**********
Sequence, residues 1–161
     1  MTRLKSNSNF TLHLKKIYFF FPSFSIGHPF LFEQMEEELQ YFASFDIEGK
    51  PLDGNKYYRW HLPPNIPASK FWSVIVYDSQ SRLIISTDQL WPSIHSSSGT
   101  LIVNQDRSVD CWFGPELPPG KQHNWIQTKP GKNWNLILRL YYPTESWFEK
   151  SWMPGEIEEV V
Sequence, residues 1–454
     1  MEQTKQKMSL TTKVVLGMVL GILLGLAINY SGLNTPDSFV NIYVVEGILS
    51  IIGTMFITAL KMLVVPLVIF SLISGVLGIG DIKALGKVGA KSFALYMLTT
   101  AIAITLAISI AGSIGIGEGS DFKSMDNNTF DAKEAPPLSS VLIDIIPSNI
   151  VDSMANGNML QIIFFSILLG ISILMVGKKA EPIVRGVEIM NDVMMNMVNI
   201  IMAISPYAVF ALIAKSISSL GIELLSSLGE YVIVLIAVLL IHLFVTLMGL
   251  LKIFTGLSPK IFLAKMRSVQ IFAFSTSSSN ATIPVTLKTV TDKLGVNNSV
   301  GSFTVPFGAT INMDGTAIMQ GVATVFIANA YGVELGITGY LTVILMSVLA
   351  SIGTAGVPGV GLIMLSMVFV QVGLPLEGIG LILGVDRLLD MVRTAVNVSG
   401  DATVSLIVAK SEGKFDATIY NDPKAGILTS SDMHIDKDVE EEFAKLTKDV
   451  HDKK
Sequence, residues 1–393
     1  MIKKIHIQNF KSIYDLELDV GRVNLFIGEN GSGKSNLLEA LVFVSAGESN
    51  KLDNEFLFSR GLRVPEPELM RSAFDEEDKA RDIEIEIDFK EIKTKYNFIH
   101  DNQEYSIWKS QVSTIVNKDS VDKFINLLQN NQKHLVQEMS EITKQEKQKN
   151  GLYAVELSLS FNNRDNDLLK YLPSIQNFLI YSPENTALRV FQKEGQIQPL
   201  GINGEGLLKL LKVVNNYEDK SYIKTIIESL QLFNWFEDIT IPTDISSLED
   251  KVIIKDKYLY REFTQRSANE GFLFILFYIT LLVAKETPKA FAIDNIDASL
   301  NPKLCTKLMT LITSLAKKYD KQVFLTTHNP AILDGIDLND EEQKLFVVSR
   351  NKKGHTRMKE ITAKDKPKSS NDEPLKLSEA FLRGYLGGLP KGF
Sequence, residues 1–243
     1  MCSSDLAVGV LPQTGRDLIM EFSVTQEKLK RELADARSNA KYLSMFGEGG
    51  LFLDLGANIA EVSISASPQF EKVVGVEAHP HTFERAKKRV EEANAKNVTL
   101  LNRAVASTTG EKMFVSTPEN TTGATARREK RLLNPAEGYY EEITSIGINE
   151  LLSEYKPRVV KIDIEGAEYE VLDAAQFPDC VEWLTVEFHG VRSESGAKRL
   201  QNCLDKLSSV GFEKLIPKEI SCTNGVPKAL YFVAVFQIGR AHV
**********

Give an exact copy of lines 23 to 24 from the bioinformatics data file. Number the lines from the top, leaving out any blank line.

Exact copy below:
   251  KVIIKDKYLY REFTQRSANE GFLFILFYIT LLVAKETPKA FAIDNIDASL
   301  NPKLCTKLMT LITSLAKKYD KQVFLTTHNP AILDGIDLND EEQKLFVVSR